// Sep 1, 2022
Our guest today is Dr. Jeffery Iliff, a professor of psychiatry and behavioral sciences in the Department of Neurology at the University of Washington. Much of Jeff’s research focuses on neurodegeneration and traumatic brain injury.
He is the associate director of research at the VA Puget Sound Health Care System and a co-leader for research at the University of Washington’s Alzheimer’s Disease Research Center.
In this episode, we talk about Jeff’s investigations into the glymphatic system, which is a newly discovered brain-wide network of perivascular spaces that facilitates the clearance of waste products from the brain during sleep. Jeff goes on to describe how he is exploring how the glymphatic system fails in the aging brain as well as in younger brains after traumatic brain injury.
Jeff and Dawn also have a conversation about their collaboration on a research project that’s focused on how extreme stressors impact the glymphatic system. Together they are investigating a potential approach to optimizing glymphatic clearance for individuals with acute or chronic sleep deprivation.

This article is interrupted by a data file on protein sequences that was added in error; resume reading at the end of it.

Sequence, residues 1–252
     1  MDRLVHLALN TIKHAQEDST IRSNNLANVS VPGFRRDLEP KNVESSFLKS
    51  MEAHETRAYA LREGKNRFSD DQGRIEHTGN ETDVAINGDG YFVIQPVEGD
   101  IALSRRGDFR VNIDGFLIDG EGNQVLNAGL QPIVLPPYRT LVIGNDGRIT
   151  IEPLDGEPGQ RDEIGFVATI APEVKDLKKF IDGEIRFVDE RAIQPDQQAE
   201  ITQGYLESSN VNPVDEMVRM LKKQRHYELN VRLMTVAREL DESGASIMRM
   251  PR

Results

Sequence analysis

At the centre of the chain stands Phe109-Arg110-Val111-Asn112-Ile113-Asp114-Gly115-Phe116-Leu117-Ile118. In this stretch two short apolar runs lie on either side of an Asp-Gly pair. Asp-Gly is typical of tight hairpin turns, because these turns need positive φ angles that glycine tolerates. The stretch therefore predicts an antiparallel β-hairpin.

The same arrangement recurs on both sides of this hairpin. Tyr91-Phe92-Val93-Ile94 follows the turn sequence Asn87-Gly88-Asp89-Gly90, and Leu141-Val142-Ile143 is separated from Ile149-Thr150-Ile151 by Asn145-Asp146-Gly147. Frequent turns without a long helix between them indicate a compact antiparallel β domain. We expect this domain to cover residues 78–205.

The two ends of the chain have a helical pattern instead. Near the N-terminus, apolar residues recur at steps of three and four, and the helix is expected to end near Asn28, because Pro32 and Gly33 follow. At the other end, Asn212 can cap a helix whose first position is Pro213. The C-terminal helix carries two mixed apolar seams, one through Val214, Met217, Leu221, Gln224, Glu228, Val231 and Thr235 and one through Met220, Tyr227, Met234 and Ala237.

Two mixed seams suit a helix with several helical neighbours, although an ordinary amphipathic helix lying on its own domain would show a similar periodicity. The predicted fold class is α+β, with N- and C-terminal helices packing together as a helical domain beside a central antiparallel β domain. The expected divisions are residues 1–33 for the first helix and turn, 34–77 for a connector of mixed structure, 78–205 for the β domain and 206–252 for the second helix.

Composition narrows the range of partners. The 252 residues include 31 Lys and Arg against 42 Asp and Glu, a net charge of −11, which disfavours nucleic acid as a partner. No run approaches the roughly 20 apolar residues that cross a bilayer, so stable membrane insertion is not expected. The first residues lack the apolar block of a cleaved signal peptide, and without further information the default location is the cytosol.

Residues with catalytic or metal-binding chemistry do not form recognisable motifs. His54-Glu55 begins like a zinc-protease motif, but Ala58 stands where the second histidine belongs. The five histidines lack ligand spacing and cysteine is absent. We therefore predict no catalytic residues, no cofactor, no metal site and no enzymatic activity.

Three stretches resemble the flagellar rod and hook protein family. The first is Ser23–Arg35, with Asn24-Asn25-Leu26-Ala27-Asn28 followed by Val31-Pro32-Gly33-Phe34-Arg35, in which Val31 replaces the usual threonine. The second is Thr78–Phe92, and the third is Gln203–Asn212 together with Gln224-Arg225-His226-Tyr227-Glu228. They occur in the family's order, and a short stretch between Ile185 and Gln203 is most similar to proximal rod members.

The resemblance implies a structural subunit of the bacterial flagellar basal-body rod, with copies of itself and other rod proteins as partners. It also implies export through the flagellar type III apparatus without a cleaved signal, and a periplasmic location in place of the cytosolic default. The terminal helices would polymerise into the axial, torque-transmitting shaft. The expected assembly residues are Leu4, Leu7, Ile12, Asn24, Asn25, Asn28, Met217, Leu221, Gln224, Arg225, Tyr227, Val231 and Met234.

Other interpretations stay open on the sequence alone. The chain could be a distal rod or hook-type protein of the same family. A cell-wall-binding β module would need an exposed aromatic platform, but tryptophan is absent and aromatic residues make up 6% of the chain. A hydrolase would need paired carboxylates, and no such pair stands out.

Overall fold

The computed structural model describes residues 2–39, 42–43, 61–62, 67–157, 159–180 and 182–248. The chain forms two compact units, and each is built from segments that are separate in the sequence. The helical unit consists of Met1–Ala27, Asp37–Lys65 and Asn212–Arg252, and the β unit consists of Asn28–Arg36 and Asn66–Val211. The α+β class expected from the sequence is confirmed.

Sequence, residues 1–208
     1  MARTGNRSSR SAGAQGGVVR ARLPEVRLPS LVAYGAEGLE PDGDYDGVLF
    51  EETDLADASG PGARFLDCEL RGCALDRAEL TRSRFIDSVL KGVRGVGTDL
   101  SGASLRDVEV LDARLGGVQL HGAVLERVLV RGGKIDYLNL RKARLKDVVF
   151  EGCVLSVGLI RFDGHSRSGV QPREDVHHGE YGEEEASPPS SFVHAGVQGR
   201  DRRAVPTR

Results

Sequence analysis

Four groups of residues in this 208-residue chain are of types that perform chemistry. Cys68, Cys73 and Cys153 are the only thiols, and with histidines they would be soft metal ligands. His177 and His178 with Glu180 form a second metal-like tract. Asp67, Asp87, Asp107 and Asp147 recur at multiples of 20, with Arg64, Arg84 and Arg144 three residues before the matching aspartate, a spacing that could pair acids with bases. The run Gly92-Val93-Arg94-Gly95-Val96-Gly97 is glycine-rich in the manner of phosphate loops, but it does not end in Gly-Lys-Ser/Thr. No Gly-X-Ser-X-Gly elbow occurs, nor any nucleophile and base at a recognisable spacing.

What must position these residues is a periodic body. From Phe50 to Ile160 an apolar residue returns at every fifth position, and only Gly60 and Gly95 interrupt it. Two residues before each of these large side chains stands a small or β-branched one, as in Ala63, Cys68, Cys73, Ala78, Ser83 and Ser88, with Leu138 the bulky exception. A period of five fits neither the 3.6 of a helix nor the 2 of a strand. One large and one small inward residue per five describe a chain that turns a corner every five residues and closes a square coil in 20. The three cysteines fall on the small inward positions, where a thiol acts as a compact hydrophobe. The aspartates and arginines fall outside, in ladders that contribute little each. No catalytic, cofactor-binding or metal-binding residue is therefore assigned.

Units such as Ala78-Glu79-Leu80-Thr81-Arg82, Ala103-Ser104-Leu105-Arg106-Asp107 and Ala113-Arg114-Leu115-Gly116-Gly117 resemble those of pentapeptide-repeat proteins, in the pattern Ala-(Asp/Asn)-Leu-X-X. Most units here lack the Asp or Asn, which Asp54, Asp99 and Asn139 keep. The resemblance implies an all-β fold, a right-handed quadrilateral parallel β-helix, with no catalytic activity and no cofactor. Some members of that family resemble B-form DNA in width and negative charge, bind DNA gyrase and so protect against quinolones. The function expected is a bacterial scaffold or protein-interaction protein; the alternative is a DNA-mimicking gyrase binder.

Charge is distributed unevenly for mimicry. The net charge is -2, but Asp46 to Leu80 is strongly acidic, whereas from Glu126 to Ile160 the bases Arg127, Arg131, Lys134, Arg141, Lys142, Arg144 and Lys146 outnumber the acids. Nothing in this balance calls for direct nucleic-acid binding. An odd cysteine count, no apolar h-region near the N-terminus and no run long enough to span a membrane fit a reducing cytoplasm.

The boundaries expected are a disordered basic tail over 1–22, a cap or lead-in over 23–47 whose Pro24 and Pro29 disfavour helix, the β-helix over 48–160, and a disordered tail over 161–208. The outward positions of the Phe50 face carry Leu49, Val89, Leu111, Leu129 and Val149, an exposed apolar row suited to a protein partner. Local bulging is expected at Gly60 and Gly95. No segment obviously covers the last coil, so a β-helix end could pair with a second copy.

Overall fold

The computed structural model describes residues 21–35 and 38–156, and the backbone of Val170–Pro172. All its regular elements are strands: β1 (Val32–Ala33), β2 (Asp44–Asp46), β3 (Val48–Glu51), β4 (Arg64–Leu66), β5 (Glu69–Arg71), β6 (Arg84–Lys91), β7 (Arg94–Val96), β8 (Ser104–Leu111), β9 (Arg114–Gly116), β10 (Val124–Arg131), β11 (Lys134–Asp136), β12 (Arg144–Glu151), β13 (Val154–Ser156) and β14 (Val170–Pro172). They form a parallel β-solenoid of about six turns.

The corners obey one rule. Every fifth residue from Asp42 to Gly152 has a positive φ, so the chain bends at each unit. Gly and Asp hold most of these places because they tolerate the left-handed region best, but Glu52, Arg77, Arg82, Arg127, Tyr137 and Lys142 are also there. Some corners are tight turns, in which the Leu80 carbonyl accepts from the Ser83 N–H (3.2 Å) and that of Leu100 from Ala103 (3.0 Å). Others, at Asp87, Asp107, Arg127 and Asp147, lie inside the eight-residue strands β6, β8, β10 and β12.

Show notes:[00:02:55] Dawn opens the interview asking Jeff where he grew up. [00:03:21] Dawn asks what Jeff what he was like as a kid. [00:04:01] Ken mentions that it wasn’t until Jeff was working as a lifeguard at a boy scout camp that he first became interested in science. Ken asks Jeff what it was about his lifeguard experience that triggered the interest. [00:05:06] Dawn asks what led Jeff to the University of Washington as an undergrad. [00:06:02] Ken mentions that Jeff originally intended on going into pre-med. Ken explains that Jeff changed his mind and asks about a suggestion from a girlfriend that caused Jeff to have a change of heart. [00:07:39] Dawn points out that in addition to working in the lab as an undergrad, Jeff also worked a 48-hour shift as an EMT over the weekends. Dawn asks Jeff why he kept such a busy schedule. [00:09:35] Ken asks what led Jeff to the Oregon Health & Science University for his Ph.D. [00:10:53] Dawn asks if it’s true that Jeff’s wife played a big role in his decision to travel across the country to New York for his post-doc at the University of Rochester. [00:13:06] Dawn mentions that after the second year of Jeff’s post-doc, he was promoted to a junior faculty position because he was part of the team that discovered a brain cleaning system known as the glymphatic system. The team published a paper in 2012 in science translational medicine that was the first of about ten papers that later became known as the “glymphatic papers.” After a follow-up paper in 2013, Science Magazine cited the discovery that the glymphatic system cleans the brain during sleep as one of the “Top 10 Breakthroughs of 2013.” Dawn asks what this experience was like for Jeff as a young post-doc and junior faculty member. [00:15:55] Dawn explains that the lymphatic system is a network of vessels extending throughout most of the body that transport excess fluid and waste from the interstitial spaces between cells to the blood. She goes on to explain that these vessels are notably not found in the brain leading to the question of how interstitial fluid is cleared in the brain. Jeff’s team discovered the glymphatic system, which serves the same function in the brain as the lymphatic system in the rest of the body. This discovery turned out to be a paradigm shift and led to numerous subsequent studies. Dawn asks Jeff how the initial 2012 study came about and how they identified a distinct clearing system in the brain that serves a lymphatic function. [00:19:59] Dawn mentions that after Jeff’s initial work in the glymphatic system, he went on to write what has become known as his sleep paper. Dawn goes on to say that for this study, Jeff used two-photon microscopy to visualize fluid moving in and out of the brain, and at some point, saw his tracer leaving the brain. Dawn asks Jeff what this experience was like. [00:23:55] Ken asks Jeff to explain the relationship between sleep cycles and the glymphatic system. [00:26:33] Jeff explains some of the differences in sleep between mice and humans. [00:28:35] Ken asks if the critical role of slow-wave sleep in glymphatic function and clearance explains the potential relationship between sleep deprivation and increased risk of neurodegenerative disease. [00:31:29] Ken asks about the impact of sleep deprivation of normal cognitive function. [00:32:43] Ken asks if there is any research on the glymphatic function of APOE4 carriers. [00:35:33] Ken asks about work done by Jeff’s postdoc mentor, Maiken Nedergaard, that suggests that glymphatic function can even be impacted by sleep that is outside the normal circadian rhythm, potentially explaining the increased risk of neurodegenerative disease in shift workers. [00:38:50] Dawn mentions that Jeff’s 2013 sleep paper became the predecessor for many subsequent neuro-imaging studies looking at glymphatic function in the human brain, leading to the pursuit of new neuro-imaging techniques for the measurement of glymphatic function and asks about the developments in this area. [00:42:36] Ken asks about Jeff’s 2014 paper in the Annals of Neurology, in which he proposed that impaired glymphatic clearance contributes to cognitive decline among the elderly and may represent a novel therapeutic target for the treatment of neurodegenerative diseases associated with the accumulation of misfolded protein aggregates. [00:46:44] Ken asks if there is thought to be a connection between glymphatic function and other disorders like Parkinson’s, vascular dementia, etc. [00:48:45] Dawn asks about the meningeal lymphatic system, which consists of lymphatic vessels running parallel to the dural venous sinuses and middle meningeal arteries, and how it relates to the glymphatic system. [00:52:01] Ken asks Jeff why he thinks the glymphatic system had not been identified until recently. [00:54:48] Ken asks about Jeff’s move from the University of Rochester back to Oregon, and how Phil Knight, founder of Nike, played a role in this decision. [00:56:14] Dawn mentions that Jeff was at Oregon for six years, but during this time became connected with a research group at the VA Puget Sound Health Care System in Seattle, which is an affiliate of the University of Washington. Dawn asks what led Jeff to return to Washington, where he currently works as a professor in the Department of Neurology and is the Associate Director for Research at the VA Center, as well as what he and his research group are currently studying. [01:00:24] Ken asks how traumatic brain injury (TBI) affects the glymphatic system. [01:02:44] Dawn mentions that in TBI, Aquaporin-4, or AQP4, is a water channel expressed in astrocytes throughout the central nervous system as well as in epithelial cells in various peripheral organs. The expression of this protein changes in the setting of TBI. She goes on to explain that AQP4 is involved in brain water balance, neuroexcitation, astrocyte migration, and neuroinflammation and is the target of pathogenic autoantibodies in neuromyelitis. Jeff’s 2017 paper in JAMA Neurology looked at how altered AQP4 was associated with aging brains. Dawn asks about this paper, and the implications that the loss of perivascular AQP4 localization may be a factor that renders the aging brain vulnerable to the misaggregation of proteins in neurodegenerative conditions such as Alzheimer’s. [01:05:30] Dawn mentions how the collaboration between her and Jeff’s teams involves working on several studies involving human glymphatic imaging in different settings. Dawn asks Jeff to explain the efforts in validating a non-invasive contrast-free imaging approach to visualizing glymphatic function in humans. [01:08:30] Ken asks Jeff to explain why validating new imaging approaches against intrathecal contrast MRI is so important for the clinical and research communities. [01:12:06] Dawn explains that the first study she and Jeff officially started working on together is funded by the Office of Naval Research, and kicked off in 2021. In this study, they are assessing the impact of extreme environmental conditions on glymphatic function in humans, ranging from hypoxia, hypercapnia, and hyperoxia. Dawn asks Jeff to talk about the status of these studies and their impact on future human glymphatic research. [01:16:28] Dawn asks about a paper Jeff and his team published on astronaut brains post-flight and whether fluid-filled spaces in the brain, known as perivascular spaces, are enlarged post-flight. [01:19:41] Dawn mentions that one of the biggest questions she gets about the glymphatic system is if it can it be ‘fixed’ to function better if it has been impaired. Dawn asks Jeff how he would answer this question based on the current state of research. [01:21:46] Dawn asks Jeff if there are any nutritional or exercise approaches that might help improve glymphatic function. [01:22:53] Ken asks if Heart Rate Variability (HRV) plays a role in glymphatic function. [01:24:52] Dawn mentions that her and Jeff’s collaboration has expanded to include Dr. Miranda Lim at Oregon Health and Science University, Dr. Don Tucker at the Brain Electrophysiology Lab, and Dr. Jeffrey Heys at Montana State University. They are working on DoD funded study to look into a device that could potentially stimulate the glymphatic system in individuals who are acutely or chronically sleep deprived. [02:27:10] Ken asks what should the next key studies in glymphatic research focus on. [01:29:29] Dawn asks if Jeff still takes time off from his lab work to go watch his son’s baseball games and his daughter’s softball games. [01:30:22] Ken asks if it’s true that Jeff is a huge fantasy football fan, and that when he was a post-doc fellow, he and some colleagues started a fantasy football league that is still going on all these years later. [01:32:15] Dawn says she assumes Jeff is a Seattle Seahawks fan and asks Jeff if he ever had Russel Wilson on his fantasy football team. [01:33:15] Ken asks if it is true that Jeff’s students are fans of STEM-Talk. [01:34:19] Dawn closes the interview telling Jeff to let his students know to write a review of this episode so they can get a free STEM-Talk t-shirt.